London 2012 International Broadcast Centre completed
The International Broadcast Centre venue is the fifth to be completed on the Olympic Park.
The 275m-long building will form part of the Main Media Complex – a 24-hour media hub which also includes the Main Press Centre (MPC). The complex will cater for over 20,000 broadcasters, photographers and print journalists – bringing the Games to an estimated four billion people worldwide.
It has been designed to be as flexible as possible to accommodate a range of potential tenants and uses after the Games.
A high street will support both the IBC and MPC, containing dedicated retail, leisure and support services, accessed only by accredited press and broadcasters. The complex will also have a catering village and a multi-storey car park links the two main venues together via a structure which includes a conference room for up to 700 people.
ODA Chairman John Armitt said: “The Olympic Park project is on schedule and within budget. Today’s announcement of the completion of the International Broadcast Centre (IBC) means that with over a year to go to the Games five of the six main venues on the site have now finished construction, allowing time for LOCOG to install overlay and run test events.
“The ODA has hit all of its milestones to date and we are firmly on track to deliver the venues and infrastructure required for the Games and in legacy as planned.”
Olympics Minister Hugh Robertson said: “The IBC is fundamental to the worldwide success of the Games housing thousands of the world’s media and sending pictures right across the world. As one of the largest venues on the Park, its completion with a year to go is a great achievement, and is yet another example of businesses across the country coming together to deliver for the United Kingdom.”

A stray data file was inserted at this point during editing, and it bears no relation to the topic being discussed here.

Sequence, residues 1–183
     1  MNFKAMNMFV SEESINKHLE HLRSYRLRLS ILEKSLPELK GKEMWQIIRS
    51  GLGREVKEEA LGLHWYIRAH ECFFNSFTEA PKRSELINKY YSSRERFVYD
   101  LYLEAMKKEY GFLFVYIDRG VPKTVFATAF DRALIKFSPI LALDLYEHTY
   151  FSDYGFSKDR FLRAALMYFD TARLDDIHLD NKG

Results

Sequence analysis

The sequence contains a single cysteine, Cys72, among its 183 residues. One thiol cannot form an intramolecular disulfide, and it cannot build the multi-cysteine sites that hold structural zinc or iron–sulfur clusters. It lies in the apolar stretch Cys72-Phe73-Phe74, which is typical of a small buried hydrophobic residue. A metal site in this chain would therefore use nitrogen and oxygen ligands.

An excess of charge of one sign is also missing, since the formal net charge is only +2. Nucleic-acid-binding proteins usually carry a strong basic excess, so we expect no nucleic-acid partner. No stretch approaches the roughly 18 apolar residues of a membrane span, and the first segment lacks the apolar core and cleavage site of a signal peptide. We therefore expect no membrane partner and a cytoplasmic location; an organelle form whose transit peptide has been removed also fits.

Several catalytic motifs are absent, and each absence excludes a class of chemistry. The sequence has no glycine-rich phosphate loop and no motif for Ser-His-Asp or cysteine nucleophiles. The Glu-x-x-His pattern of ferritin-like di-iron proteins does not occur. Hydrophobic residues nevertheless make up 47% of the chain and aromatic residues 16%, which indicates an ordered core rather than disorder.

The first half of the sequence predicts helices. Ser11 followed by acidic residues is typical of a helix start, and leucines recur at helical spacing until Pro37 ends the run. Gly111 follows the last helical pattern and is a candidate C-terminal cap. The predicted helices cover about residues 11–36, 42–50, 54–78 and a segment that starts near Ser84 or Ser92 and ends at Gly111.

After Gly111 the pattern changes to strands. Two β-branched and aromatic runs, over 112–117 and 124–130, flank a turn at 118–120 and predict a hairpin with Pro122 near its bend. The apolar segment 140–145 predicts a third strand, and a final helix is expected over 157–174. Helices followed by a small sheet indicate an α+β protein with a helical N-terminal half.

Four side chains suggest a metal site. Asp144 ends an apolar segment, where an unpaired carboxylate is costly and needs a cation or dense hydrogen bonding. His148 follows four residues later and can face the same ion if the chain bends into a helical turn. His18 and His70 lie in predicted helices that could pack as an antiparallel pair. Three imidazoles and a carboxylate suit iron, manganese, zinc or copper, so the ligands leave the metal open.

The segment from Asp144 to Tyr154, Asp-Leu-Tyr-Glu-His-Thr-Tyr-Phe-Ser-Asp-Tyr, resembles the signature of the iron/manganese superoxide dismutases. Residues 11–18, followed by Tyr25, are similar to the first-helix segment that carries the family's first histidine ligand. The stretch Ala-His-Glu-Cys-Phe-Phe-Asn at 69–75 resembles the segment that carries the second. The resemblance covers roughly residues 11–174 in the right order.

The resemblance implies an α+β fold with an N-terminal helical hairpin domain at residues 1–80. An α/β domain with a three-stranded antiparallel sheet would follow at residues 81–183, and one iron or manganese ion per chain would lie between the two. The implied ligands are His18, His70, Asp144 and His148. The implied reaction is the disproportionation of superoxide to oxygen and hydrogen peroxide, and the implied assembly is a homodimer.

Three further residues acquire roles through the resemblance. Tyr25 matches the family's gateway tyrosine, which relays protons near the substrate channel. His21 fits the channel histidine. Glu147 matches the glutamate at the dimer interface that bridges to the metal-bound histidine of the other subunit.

The Mayor of London Boris Johnson said: “The capital is going to be at the centre of global media attention during the summer of 2012, with thousands of broadcasters descending on London’s great sporting spectacular.
“As well as providing them with a world class facility to tell the story of the Games, we aim to make the fantastic International Broadcast Centre the focus of a new high-tech creative hub to benefit the capital for years to come.”
Ed. You have to wonder why this building doesn’t have more life about it. Allies and Morrison have a good pedigree for elegant, simple buildings but this doesn’t appear to match their normal standards.
With the compromises to the Aquatics Centre by Zaha Hadid Architects, the pedestrian station and the lack of spark in the main stadium it appears as though the Olympics will be ready on time but look unlikely to form an integrated piece of refined architecture. This is a wasted opportunity, the freedom inherent in these typologies should have resulted in a fantastic array of buildings.
Adrian Welch, e-architect Editor